Just for a moment let us consider the people to whom the prophet we now call ‘Third’ Isaiah is speaking.  After many decades in exile in Babylon, the people of Judah have been allowed to return to Jerusalem to rebuild their society.  An earlier prophet, so-called ‘Second’ Isaiah had proclaimed a message of glory, suggesting that the return to Jerusalem would be as glorious as God’s deliverance of the people from slavery in Egypt.  But instead of the miraculous destruction of the army of Pharaoh and the heady early days of freed, the returning exiles were experiencing the drudgery, hunger and disappointment that their forebears underwent during the forty years in the wilderness of Sinai.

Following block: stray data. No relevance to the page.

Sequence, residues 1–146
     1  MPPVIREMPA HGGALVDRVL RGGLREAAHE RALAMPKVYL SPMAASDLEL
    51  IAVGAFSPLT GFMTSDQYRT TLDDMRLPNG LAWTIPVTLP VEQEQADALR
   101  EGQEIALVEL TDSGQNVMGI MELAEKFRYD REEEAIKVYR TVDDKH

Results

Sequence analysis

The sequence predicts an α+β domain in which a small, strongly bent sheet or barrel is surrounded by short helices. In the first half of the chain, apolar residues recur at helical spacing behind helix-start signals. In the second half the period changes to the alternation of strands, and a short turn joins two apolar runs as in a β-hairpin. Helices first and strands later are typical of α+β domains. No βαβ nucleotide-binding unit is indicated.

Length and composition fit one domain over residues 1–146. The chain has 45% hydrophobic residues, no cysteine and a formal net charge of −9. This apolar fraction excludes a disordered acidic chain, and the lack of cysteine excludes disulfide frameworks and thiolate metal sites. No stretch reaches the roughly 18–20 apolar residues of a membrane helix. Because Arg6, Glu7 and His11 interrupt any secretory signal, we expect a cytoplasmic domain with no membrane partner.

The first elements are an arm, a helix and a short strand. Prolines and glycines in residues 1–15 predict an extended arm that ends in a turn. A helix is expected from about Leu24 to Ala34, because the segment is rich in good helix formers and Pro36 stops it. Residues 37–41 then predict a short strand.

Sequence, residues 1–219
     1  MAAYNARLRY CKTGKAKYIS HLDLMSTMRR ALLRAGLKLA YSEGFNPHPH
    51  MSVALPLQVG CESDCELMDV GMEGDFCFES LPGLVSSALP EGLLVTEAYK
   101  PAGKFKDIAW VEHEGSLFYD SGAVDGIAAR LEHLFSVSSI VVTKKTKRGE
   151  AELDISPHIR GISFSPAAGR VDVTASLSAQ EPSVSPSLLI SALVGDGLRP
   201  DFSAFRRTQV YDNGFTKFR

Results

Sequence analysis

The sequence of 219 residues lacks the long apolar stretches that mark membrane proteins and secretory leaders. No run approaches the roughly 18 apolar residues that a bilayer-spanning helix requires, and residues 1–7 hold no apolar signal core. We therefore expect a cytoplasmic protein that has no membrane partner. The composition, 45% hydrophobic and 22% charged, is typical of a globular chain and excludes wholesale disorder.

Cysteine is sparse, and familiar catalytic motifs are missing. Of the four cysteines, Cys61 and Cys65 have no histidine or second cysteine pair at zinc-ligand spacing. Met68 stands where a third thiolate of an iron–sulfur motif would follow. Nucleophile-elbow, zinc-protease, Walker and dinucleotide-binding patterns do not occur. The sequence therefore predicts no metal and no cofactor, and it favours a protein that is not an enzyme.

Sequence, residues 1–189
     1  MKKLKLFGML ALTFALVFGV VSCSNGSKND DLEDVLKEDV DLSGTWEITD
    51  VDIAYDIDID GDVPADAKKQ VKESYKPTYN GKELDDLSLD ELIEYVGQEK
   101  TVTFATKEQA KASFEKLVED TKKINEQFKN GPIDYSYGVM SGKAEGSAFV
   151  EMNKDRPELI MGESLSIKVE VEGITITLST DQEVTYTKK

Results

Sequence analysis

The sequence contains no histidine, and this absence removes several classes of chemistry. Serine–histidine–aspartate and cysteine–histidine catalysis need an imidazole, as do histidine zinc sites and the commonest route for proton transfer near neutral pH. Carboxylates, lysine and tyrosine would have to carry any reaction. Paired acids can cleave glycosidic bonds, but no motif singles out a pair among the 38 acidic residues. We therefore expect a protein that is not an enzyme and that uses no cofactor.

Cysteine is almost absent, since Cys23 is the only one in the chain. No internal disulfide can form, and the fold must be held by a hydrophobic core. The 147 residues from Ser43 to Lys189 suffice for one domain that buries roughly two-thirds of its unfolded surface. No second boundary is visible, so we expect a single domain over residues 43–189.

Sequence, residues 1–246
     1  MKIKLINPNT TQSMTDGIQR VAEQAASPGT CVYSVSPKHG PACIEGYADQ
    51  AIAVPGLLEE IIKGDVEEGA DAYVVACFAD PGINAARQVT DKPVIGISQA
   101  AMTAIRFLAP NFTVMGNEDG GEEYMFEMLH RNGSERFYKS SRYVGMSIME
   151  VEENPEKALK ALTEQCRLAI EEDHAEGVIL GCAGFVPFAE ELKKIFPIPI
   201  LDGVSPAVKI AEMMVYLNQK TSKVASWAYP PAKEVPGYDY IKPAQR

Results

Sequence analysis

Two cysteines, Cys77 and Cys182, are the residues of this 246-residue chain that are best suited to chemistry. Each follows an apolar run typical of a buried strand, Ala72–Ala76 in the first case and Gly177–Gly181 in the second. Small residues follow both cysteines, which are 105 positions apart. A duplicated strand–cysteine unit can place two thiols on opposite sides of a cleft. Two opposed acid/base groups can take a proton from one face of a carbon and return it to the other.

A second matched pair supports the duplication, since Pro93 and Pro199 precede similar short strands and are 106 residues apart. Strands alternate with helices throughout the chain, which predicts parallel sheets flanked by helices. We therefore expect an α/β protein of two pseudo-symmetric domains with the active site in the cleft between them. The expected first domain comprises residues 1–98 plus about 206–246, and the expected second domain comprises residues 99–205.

Although the people have returned to the land of God’s promises, they are not truly free.  They are a province, a small province in a greater Eastern empire.  They are surrounded by hostile neighbours who take every opportunity to write to the emperor to report any perceived act of disobedience or potential treason.  Some of the returnees remember how Jerusalem shone in the past and they are not shy about telling everyone how the present does not live up to the past.

         To make matters worse, the hardship of the present time have raised up other evils.  There are ‘deep religious, social, and economic divisions’ between the returning exiles (The New Oxford Annotated Bible, 3rd ed., 977 hebrew bible), so it is difficult to forge the unity of purpose necessary to the rebuilding of Judah.  Other returnees are beginning to abandon their faith in the God of Abraham, Isaac and Jacob, the God who raised up David and who gave wisdom to Solomon.  Instead of keeping the covenant God made with Moses, these disillusioned souls are turning to other religious practices and other gods.